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Investing in social and environmental causes used to be associated with tree huggers and other “do-gooders,” but in recent years it has hit the mainstream, with returns equaling or sometimes exceeding those of other stocks in a portfolio.
Investors can put money behind causes or values important to them, like stocks of companies that support underserved communities, that have sustainability goals or have ethical practices as part of their corporate governance. It's called environmental, social and governance, or ESG, investing.
“Investors can rule out just about any company. We can customize these things as we talk to them. We build ESG profiles for every company we own,” says Tom Manning, CEO and president of F.L. Putnam Investment Management Co. He is based in Wellesley, Mass., but the company has a large presence in downtown Portland and a satellite office in Portsmouth, N.H. The company does about a third of its business in Maine, including managing ESG investments for the Maine Community Foundation. It has 500 clients and more than 100 institutions, churches, colleges and foundations throughout the United States.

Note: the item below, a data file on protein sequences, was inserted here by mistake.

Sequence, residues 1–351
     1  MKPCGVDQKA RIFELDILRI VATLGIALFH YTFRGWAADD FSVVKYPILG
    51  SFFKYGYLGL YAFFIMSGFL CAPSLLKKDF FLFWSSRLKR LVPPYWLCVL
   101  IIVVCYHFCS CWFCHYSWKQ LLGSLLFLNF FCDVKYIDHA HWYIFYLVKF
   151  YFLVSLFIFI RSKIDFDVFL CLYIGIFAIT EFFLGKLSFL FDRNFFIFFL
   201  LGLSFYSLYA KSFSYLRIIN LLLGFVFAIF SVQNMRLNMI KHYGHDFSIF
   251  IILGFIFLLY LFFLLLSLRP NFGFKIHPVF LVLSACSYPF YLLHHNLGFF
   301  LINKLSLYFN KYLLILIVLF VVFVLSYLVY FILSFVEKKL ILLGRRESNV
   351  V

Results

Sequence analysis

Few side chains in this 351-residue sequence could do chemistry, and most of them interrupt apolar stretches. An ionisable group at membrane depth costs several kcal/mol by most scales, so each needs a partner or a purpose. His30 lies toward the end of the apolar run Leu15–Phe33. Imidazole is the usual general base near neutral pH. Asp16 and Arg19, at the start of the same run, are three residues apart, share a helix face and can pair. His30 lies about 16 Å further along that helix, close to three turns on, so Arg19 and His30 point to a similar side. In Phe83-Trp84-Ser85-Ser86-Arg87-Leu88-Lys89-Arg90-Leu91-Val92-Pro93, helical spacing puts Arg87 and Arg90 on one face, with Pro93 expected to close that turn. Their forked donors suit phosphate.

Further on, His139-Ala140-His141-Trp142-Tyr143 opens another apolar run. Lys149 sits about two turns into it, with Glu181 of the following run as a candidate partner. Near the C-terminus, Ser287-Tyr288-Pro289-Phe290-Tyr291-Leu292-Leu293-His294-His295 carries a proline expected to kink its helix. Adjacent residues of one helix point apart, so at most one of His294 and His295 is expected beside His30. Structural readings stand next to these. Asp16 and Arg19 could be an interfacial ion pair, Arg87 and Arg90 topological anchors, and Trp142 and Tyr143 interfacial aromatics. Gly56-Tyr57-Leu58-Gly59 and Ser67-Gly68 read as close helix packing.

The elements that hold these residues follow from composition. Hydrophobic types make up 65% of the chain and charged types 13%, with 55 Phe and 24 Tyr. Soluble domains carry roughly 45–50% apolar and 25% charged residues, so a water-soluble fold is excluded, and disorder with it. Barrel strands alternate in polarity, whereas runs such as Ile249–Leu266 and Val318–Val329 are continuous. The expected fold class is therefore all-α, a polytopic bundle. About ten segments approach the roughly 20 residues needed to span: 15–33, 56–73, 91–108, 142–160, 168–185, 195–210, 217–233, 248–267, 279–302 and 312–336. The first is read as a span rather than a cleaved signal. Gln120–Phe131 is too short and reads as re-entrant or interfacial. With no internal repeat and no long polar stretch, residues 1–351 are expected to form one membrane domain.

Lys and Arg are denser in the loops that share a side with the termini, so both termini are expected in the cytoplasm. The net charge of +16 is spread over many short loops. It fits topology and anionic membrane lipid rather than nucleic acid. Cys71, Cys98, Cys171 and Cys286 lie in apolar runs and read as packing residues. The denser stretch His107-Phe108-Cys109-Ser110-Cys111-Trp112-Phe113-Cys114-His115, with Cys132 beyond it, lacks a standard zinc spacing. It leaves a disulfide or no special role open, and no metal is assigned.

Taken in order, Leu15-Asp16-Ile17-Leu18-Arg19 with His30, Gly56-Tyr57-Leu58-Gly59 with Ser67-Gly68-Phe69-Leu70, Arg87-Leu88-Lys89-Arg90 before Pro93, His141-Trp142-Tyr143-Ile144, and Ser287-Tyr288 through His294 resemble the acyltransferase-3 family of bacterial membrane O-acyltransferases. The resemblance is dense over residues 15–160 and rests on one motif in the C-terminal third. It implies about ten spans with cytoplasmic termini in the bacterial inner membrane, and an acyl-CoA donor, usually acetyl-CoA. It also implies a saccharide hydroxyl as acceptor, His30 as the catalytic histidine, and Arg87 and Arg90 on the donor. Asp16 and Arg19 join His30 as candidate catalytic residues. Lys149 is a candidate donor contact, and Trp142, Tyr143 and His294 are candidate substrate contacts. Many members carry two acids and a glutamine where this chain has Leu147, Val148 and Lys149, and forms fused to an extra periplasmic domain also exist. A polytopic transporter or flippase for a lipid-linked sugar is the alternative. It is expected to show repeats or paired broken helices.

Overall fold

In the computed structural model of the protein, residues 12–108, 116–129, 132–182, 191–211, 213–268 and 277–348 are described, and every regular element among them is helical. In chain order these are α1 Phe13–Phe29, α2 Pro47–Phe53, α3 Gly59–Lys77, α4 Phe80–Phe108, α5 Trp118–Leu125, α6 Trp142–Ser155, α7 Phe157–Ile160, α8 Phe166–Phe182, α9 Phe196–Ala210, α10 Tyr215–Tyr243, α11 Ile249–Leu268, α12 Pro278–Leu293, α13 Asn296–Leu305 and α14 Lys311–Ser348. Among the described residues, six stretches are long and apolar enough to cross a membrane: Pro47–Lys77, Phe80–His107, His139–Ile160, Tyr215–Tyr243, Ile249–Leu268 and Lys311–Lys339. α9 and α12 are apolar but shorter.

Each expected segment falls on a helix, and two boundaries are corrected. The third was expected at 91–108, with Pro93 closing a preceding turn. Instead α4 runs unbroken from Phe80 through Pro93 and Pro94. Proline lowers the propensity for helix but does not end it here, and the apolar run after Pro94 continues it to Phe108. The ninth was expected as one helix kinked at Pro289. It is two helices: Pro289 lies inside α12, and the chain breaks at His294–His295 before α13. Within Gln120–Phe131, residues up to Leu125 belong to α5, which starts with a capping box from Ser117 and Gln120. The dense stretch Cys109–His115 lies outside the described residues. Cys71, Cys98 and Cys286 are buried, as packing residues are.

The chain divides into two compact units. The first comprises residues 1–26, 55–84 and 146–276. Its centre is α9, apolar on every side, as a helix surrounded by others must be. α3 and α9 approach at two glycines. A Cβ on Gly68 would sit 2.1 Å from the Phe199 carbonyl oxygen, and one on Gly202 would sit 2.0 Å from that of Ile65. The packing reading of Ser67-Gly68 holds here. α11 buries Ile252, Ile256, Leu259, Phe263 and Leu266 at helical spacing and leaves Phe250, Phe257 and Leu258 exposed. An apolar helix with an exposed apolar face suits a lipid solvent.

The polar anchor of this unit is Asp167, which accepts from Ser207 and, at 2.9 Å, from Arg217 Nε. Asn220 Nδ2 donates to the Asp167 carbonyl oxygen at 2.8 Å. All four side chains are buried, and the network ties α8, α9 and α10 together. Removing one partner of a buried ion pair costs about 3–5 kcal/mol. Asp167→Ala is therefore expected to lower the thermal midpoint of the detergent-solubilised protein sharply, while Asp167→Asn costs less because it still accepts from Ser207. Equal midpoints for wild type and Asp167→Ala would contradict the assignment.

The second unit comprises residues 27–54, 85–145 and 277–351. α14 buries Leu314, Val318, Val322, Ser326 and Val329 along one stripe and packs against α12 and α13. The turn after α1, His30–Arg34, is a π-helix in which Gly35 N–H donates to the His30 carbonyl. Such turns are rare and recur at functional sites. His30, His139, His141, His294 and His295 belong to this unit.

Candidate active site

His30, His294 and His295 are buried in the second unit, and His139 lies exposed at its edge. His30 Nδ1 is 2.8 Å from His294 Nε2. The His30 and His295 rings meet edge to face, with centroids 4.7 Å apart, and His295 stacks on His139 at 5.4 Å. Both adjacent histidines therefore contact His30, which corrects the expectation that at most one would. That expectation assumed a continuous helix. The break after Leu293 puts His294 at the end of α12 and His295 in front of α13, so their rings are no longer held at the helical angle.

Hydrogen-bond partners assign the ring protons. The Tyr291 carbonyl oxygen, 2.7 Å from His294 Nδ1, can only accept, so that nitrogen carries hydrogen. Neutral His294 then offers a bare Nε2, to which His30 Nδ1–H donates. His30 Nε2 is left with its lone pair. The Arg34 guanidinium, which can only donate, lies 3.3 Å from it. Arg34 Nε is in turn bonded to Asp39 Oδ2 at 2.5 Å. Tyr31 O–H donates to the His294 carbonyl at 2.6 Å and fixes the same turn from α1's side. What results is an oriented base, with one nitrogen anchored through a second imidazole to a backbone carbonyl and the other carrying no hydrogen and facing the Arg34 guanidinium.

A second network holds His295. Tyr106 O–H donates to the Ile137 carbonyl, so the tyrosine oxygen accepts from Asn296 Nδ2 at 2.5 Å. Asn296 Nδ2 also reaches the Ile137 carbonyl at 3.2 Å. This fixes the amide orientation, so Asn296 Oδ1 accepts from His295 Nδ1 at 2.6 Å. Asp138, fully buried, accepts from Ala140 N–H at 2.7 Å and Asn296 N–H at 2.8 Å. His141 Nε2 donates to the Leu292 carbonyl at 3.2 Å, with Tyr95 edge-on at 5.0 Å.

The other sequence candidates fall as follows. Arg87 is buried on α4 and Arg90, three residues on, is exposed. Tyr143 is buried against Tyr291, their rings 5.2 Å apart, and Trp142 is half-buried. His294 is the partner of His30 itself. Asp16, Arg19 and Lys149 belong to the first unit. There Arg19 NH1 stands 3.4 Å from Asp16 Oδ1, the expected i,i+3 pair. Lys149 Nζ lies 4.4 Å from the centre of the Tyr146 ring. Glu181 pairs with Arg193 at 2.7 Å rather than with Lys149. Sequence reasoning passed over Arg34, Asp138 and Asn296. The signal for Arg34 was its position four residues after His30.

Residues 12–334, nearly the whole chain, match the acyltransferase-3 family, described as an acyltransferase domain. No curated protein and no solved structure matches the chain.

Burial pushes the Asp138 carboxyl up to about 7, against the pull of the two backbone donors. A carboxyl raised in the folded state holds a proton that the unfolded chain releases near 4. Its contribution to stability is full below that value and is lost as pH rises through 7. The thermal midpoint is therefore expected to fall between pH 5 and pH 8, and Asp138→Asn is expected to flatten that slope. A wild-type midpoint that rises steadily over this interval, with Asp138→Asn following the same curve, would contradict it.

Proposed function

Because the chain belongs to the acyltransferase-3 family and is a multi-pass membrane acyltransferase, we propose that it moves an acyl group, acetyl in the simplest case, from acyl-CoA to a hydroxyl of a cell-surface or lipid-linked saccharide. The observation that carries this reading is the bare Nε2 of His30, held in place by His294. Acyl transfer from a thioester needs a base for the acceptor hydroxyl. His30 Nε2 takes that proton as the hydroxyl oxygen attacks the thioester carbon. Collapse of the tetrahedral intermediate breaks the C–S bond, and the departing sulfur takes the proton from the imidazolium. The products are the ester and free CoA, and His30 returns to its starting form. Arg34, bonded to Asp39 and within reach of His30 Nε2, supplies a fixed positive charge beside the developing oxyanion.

Of the $1.4 billion F.L. Putnam manages, half is in ESG funds. The other half gives clients the opportunity to diversify more. The funds, he says, produce good returns over time. The company services pension funds and other high-wealth clients and institutions, but is looking for a platform for smaller investors. Currently, the typical investment minimum is $500,000 but it can top $100 million for its clients throughout the country.
Some $6.57 trillion went into sustainable and responsible investing, or SRI, at the end of 2014, up from $3.74 trillion in 2012, according to the Forum for Sustainable and Responsible Investment, also known as the US SIF Foundation. That's more than 76% growth. The largest chunk of that is ESG investing, which reached $6.2 trillion in 2014, up from $3.31 trillion in 2012.
Those are lofty increases from the “tree-hugger” green investments of the mid 1990s, when ESG investments were at $166 billion in 1995, but picked up steam in 2001 to $2.02 trillion and continued mostly on an unabated upswing since then, according to US SIF.
Boosting interest in ESGs are efforts by business leaders like Bill Gates, Mark Zuckerberg and Sir Richard Branson, who formed the Breakthrough Energy Coalition that they announced at the United Nations Climate Change Conference in Paris in December. The coalition is a multi-billion-dollar initiative to fund clean energy research and development. It involves businesses, entrepreneurs, universities, governments and investors from around the world, with funds awarded to the most promising clean technologies, IW Financial, an ESG research supplier also in Portland, notes on its website.